In their report, Public Pension Funds Under Stress, analysts Perry Young and Geoffrey Buswick say governments won’t necessarily be forced to make pension cash infusions right away, although 2002 funding levels could average just 95% compared with 103% in 2000. This despite the analysts’ acknowledgement of “some upward pressure on contribution rates”, driven in part by the weak markets and sub-part investment performance.
In part, the analysts’ statement about governments not necessarily on the hook for a large immediate pension infusion is because public pension funds tend to take a long-term financial view. So “two or three poor years are not enough to change long-term expectations at this point,” Young wrote.
“While the decline of stock prices has caused large drops in the market value of public pension fund investments, it has not yet caused wholesale revisions of asset allocation strategies or investment return assumptions,” Young and Buswick wrote in their report.
But, if the underperforming market persists for too
long, the S&P analysts admit that corporations may have
to pony up pension money after all.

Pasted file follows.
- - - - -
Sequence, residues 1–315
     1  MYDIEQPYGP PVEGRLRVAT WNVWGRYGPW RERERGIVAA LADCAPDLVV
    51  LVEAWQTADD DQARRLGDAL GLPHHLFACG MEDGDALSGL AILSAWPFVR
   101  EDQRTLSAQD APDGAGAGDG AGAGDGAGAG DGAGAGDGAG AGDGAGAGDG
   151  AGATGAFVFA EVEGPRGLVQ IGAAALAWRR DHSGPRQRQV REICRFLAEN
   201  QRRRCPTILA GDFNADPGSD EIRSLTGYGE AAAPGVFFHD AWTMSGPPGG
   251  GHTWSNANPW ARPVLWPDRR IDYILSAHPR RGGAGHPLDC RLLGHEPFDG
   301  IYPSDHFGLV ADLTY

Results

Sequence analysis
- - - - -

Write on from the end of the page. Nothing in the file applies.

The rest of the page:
The analysts also cautioned that, recent sub-par investment performance “does not bode well for pension obligation bonds.”
Standard & Poors also noted that the average funding ratio of corporate defined benefit plans stood at 94% at the beginning of July, compared with a 100% funding level at the end of 2001 – and noted that the funding level could have declined another 4-5 percentage points since then.
However, S&P noted that a handful of companies account for a large portion of the total pension underfunding. The ten companies with the highest underfunded obligations according to S&P are:
- General Motors
- Exxon Mobil
- Delta Air Lines
- United Technologies
- Northwest Airlines
Those firms accounted for $37.5 billion out of a total funding shortfall of $65.4 billion, according to Dow Jones, citing S&P’s survey.
A separate report released this summer by Wilshire Associates painted a much gloomier picture of public pension funds financial status. That report concluded, among other things, that half of US pension funds were underfunded in 2001 – up 31% from 2000 levels.
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